Oral history project spotlights local LGBT community

A project conducted by Appalachian State University is gathering the histories of lesbian, gay, bisexual and transgendered people living in the Appalachian region.

"We're not just looking for people who grew up here but transplants, those who moved here or lived here and moved away," archivist Kathy Staley explains. "Asheville has a very robust LGBT community. In the 1970s, the Running Water commune in Bakersville put out a national gay magazine. You have bubbles and pockets like that all over the mountains, but there's never really been a history that tells their unique experiences."

The project is seeking out both members of the LGBT community and members of groups that support it; the interviews will become part of the Belk Library's Appalachian Collection. The stories may also be posted online or used in a future documentary.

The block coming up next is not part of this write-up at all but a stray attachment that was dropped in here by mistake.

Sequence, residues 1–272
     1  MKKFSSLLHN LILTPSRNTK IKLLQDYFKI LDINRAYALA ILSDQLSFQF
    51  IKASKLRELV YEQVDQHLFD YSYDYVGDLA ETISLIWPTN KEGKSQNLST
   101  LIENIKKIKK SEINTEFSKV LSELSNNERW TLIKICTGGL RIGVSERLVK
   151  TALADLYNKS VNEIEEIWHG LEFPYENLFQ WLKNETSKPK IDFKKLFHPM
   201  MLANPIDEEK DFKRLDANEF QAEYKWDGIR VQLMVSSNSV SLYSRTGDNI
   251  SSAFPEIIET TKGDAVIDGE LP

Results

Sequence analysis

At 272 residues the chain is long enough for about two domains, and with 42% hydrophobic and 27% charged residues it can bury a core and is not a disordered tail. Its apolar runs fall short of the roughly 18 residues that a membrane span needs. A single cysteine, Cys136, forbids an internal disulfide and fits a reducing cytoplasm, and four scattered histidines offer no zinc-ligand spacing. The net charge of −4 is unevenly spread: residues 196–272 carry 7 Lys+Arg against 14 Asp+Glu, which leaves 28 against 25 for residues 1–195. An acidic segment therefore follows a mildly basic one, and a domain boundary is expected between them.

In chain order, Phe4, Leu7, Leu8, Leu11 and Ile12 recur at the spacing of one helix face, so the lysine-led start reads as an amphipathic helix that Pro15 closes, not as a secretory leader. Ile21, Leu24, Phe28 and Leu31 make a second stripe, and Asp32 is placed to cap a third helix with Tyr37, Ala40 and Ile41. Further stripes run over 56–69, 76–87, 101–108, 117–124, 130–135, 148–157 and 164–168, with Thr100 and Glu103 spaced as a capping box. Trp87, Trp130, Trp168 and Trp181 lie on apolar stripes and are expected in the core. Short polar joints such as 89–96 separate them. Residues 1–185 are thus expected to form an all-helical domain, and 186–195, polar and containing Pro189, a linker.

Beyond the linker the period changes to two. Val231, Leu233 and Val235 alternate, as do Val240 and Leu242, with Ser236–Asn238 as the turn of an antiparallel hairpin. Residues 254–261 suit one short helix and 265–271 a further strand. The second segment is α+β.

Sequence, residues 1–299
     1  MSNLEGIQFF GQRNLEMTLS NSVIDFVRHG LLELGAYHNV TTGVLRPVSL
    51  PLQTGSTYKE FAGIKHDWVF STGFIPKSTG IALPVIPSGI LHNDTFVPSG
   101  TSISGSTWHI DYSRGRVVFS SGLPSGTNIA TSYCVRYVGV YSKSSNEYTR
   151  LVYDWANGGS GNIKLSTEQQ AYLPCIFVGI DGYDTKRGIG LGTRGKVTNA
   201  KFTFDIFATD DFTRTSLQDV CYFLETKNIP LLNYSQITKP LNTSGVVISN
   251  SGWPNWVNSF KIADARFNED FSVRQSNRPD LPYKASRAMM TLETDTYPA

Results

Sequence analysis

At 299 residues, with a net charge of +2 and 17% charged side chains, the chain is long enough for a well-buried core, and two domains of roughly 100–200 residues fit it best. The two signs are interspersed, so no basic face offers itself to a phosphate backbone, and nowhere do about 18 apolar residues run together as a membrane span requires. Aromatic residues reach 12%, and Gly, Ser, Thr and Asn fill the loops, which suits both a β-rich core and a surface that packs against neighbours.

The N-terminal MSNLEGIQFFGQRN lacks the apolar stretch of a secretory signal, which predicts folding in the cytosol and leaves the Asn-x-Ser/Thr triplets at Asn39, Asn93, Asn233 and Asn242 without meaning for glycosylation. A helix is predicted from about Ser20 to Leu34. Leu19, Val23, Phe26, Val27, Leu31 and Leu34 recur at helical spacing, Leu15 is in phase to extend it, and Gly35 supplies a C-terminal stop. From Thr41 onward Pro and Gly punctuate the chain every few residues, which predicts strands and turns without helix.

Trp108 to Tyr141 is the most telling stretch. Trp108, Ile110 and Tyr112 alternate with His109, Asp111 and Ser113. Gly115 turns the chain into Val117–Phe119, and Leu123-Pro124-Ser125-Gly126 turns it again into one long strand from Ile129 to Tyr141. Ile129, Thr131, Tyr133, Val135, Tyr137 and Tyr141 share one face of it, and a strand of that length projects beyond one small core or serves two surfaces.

The idea for the project, says Staley, grew out of previous work she'd done documenting the stories of the LGBT community at ASU and in surrounding Watauga County. For this initiative, the state's Appalachian region was defined as stretching as far east as Winston-Salem.

"We want to start looking at what makes the LGBT experience here different from, say, the Piedmont, as well as how the area affects the lives of those who move here," she says.

Participants can choose to share their identities but won't be required to. Those interested in participating should contact Staley (262-6724; staleyk11971@yahoo.com) or co-director Michael Howell (262-7682 or howellml@appstate.edu).

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